Pretending to Dance

Diane Chamberlain
Jan 19, 2016

It turns out that Molly Arnett is a good liar. For years, Molly has told a lie that could destroy every bit of happiness she has with the man she adores. Pretending to Dance is a story told in two distinct time periods in Molly's life. The story starts in 2014, in San Diego, California, where Molly and her spouse, Aidan James, are meeting with their social worker in preparation for becoming adoptive parents. After losing their birth daughter, Molly had to have a hysterectomy, and that loss has led to an adoption process that for Molly is frightening. Molly herself had an adoptive mother and a birth mother who lived on the same family compound, called Morrison Ridge, with her beloved father Graham.

The story jumps to 1990, when Molly is a fourteen-year-old girl enduring the "worst year of her life." Her father, Graham, suffers from multiple sclerosis and has reached a point in his disease where he requires constant assistance. Graham is a therapist who has written several books on  "pretend therapy," otherwise known as Cognitive Behavioral Self-Intervention. In her fourteen-year-old mind, her father is content and happy with his life and, with Molly's help, will finish his last book before he retires.

The story continues in alternating chapters where we learn why Molly's "worst summer ever" lead to twenty-four years away from Morrison Ridge and her much loved family. What events caused her to distance herself from the past and build up a wall of secrets and lies? How did her fourteen-year-old self further sever her familial ties? And now, years later, how will Molly finally make peace with a past that could destroy her future?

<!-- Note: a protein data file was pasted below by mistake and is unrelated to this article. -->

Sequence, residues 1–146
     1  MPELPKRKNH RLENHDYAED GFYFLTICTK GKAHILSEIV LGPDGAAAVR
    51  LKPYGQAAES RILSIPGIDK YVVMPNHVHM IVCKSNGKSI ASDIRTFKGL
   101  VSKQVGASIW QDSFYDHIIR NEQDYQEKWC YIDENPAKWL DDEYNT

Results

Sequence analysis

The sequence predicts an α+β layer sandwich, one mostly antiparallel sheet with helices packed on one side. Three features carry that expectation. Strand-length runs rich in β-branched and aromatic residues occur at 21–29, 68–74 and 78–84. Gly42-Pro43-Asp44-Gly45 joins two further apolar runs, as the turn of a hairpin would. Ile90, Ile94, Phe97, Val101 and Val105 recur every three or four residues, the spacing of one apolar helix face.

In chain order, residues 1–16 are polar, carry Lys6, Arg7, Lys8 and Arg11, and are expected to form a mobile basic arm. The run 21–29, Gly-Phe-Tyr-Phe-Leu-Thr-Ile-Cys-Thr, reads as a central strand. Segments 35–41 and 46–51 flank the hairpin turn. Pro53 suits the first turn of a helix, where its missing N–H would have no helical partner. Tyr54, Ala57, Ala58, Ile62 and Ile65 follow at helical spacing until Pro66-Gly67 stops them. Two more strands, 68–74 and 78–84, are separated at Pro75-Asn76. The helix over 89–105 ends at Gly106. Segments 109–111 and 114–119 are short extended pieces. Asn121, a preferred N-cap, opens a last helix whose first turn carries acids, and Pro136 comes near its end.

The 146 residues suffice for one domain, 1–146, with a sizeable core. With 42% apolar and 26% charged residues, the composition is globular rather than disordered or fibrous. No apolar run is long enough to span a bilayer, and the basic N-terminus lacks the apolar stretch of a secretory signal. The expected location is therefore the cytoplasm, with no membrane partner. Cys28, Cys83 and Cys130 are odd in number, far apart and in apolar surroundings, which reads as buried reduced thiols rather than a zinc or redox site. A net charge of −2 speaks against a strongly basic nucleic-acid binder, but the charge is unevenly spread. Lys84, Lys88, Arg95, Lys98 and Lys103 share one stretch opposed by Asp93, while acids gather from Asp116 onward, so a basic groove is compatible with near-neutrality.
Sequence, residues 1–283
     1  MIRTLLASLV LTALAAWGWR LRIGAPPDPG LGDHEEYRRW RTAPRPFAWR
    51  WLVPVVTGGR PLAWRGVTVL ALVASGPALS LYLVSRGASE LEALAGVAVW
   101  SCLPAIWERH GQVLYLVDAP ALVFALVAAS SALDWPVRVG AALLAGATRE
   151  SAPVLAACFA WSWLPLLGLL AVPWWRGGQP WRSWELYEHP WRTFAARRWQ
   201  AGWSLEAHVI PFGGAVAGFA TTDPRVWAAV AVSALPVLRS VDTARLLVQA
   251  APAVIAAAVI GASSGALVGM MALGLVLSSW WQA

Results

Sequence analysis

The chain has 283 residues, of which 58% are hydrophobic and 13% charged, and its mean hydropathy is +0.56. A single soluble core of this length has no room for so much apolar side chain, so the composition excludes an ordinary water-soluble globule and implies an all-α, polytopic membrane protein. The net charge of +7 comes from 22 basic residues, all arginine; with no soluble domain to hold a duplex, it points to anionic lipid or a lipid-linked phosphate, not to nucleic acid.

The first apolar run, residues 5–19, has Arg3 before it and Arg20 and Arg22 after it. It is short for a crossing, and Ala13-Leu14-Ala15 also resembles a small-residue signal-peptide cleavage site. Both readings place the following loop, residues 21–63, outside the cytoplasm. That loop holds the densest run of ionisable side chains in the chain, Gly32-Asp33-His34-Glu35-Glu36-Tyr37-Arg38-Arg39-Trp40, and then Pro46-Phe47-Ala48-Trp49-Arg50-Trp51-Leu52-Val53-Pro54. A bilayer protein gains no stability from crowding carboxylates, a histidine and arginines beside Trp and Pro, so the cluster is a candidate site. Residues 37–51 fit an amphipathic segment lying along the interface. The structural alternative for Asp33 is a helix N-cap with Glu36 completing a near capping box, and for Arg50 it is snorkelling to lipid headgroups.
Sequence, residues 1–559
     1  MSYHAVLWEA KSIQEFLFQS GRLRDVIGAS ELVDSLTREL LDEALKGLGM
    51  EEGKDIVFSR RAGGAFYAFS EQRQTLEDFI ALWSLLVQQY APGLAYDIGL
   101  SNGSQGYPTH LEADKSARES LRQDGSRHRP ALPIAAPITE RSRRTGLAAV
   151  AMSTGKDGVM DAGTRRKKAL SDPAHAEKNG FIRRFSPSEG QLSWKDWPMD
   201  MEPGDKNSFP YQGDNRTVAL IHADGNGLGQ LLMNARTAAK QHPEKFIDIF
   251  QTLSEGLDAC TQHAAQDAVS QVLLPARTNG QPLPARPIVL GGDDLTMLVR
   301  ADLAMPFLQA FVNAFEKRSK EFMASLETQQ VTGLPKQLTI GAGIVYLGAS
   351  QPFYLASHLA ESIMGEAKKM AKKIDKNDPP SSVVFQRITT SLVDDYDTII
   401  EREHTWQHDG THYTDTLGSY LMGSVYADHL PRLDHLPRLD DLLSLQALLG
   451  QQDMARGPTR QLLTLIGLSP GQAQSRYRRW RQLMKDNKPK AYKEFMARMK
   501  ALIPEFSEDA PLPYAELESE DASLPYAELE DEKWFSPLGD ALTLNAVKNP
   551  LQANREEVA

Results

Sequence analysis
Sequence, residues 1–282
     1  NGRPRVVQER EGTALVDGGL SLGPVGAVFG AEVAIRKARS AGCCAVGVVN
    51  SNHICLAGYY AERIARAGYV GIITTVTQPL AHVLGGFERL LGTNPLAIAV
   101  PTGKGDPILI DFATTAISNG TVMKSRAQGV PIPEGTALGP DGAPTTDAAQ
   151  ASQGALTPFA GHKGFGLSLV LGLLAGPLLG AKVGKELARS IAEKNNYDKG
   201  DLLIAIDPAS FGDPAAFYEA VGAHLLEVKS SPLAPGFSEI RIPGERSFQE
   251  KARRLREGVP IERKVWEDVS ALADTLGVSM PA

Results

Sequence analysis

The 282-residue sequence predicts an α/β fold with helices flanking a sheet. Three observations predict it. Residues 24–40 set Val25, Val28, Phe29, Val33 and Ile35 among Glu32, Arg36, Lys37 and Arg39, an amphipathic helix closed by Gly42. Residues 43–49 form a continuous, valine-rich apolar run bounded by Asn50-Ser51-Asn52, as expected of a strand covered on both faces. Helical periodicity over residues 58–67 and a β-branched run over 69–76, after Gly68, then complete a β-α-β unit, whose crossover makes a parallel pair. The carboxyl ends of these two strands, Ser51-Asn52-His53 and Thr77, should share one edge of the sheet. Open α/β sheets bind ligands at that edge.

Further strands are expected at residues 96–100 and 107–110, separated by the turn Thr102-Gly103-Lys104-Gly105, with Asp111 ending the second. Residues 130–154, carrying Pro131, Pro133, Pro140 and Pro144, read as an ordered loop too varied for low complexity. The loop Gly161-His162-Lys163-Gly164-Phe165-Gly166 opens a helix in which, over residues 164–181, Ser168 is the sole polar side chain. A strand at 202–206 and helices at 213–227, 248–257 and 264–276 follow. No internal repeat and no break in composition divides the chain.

I'm a big fan of Ms. Chamberlain, and three stars is the lowest rating I've ever given one of her books. So I encourage you to try her book Necessary Lies. Set in rural Grace County, North Carolina in a time of state-mandated sterilizations and racial tension, it tells the story of two young women, Jane and Ivy, who--while seemingly worlds apart--are both haunted by tragedy. When thrown together, they must ask themselves how can you know that what you believe is right, even when everyone is telling you it’s wrong?

Reviewed by Library Staff